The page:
In the wake of rising animal surrenders at the shelter, this adoption rate is a success shared with the community, Brown said.
“This community has always been animal friendly and has a high save rate,” Brown said.
Brown was hired as the executive director for the Nevada Humane Society about three and a half years ago. She has worked in the field since 1991 with animal groups in Utah and Massachusetts, which was also a no-kill organization. Although she comes from an extensive background of organizations that adhere to the no-kill policy, Brown said the Nevada Humane Society was already looking to move in that direction when she interviewed there.
A “no-kill” policy means animals will only be euthanized for medical reasons or extreme behavior issues. If the animal can receive veterinary help or behavior training, the shelter will work with the animal to rehabilitate it.
“The board of directors decided we should go in this direction in the fall of 2006,” Brown said. “It predates me being here; I was hired to implement it.”
Since 2006, the Nevada Humane Society has seen an increase in animals that come to the facility to be relinquished as well as an increase in the number of animals that find permanent homes.
According to the March press release, in 2006 the humane society was able to find homes for 4,660 animals. This number was before the shelter switched to the no-kill policy.
After instating the no-kill policy, the Nevada Humane Society saw a 61 percent increase in adoptions in 2007, resulting in 8,030 animals finding homes. In 2008, 8,635 animals were adopted and in 2009, 9,184 pets found permanent homes.
Brown credits the no-kill policy with the increased rate of finding loving families for its dogs, cats and other animals.
“It’s truly a growing trend,” Brown said. “That is why the board decided to go that way. The more and more people surveyed say they view their pets as family members.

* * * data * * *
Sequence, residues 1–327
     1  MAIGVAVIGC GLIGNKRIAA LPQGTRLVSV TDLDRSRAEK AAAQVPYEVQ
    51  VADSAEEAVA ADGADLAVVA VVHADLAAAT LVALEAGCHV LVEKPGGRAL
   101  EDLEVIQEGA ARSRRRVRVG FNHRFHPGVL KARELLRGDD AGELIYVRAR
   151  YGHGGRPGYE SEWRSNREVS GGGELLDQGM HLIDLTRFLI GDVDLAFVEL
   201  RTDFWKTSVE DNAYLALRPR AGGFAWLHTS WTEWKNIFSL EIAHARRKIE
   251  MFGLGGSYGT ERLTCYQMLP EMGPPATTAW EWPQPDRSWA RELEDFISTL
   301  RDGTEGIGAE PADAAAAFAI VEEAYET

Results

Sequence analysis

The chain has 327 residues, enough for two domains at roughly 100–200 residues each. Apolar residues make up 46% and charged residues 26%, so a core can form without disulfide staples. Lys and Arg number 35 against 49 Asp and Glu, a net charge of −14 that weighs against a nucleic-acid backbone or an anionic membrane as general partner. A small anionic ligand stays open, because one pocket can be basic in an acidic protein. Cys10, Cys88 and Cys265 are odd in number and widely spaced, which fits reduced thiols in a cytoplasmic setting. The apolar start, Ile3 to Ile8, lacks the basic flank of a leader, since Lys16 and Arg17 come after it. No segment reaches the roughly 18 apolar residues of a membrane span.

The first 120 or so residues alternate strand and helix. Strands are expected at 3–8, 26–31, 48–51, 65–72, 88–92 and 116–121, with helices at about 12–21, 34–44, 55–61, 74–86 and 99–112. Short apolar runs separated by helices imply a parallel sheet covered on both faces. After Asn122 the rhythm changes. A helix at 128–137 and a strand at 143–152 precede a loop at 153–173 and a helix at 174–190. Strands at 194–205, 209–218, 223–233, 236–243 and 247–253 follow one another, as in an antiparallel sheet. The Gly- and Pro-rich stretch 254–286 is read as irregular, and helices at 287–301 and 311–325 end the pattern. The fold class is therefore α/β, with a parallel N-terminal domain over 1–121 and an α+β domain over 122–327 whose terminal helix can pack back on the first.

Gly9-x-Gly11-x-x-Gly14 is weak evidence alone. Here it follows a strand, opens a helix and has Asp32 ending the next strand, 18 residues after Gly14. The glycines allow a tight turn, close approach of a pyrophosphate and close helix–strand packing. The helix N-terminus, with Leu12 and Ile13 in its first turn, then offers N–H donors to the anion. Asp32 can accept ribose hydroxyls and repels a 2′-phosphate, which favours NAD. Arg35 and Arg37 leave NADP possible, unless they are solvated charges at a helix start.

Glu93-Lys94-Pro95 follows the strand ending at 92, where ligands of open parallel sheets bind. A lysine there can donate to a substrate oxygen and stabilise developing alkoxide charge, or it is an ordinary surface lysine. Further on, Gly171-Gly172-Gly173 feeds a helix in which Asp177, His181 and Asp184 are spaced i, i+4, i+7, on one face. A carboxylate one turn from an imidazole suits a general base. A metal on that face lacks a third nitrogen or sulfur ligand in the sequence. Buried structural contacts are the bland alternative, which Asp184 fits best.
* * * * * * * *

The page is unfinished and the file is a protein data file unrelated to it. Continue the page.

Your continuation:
“That is why the humane society only euthanizes for medical reasons or for aggression in larger dogs,” Brown added. “Other than that, the old, the ugly, the injured, the sick and the bad-behaved — we try to save the animal.”
Brown’s goal of achieving a 100 percent adoption rate has become more difficult since an increased number of pet owners have had to relinquish their pets to the humane society in the past two years.
“It has become more challenging because of the people who can no longer take care of their pet,” Brown said, adding this includes people who have lost their homes to foreclosure as well as pet owners who can no longer afford to take care of their pets because they lost their job or other financial hardship.
“We rely on donations to do our work,” Brown said. “One thing people can do if they’re able is be a foster home for an animal.
“This means the volunteer temporarily cares for the animal,” Brown added. “It’s really fun, people enjoy doing it and it saves a lot of lives.”
Foster families look after kittens and puppies until they are ready to be adopted, Brown explained. Foster animals need to weigh at least one pound; for dogs and cats this usually is at about 8 to 9 weeks old, she said.
Brown said the shelter is also looking for pet food donations.
“Bags of dry cat and dog food are needed right now,” Brown said.
“We’re an independent organization, we don’t receive any money from the Humane Society of the United States,” Brown explained. “If you want to make sure your money stays locally, send it to a local address.”
The shelter is located at 2825 Longley Lane, Reno, 89502.
In addition to donations, the Nevada Humane Society will hold the Walk for Animals from 8 a.m. to 12 p.m. on May 22 at the Sparks Marina. Brown said it is a great opportunity to help raise awareness and funds.
“I feel like this achievement for the animals is an achievement for the community,” Brown said. “It really says a lot about this community.”
For more information about the Nevada Humane Society, donations and the Walk for Animals, visit www.nevadahumanesociety.org.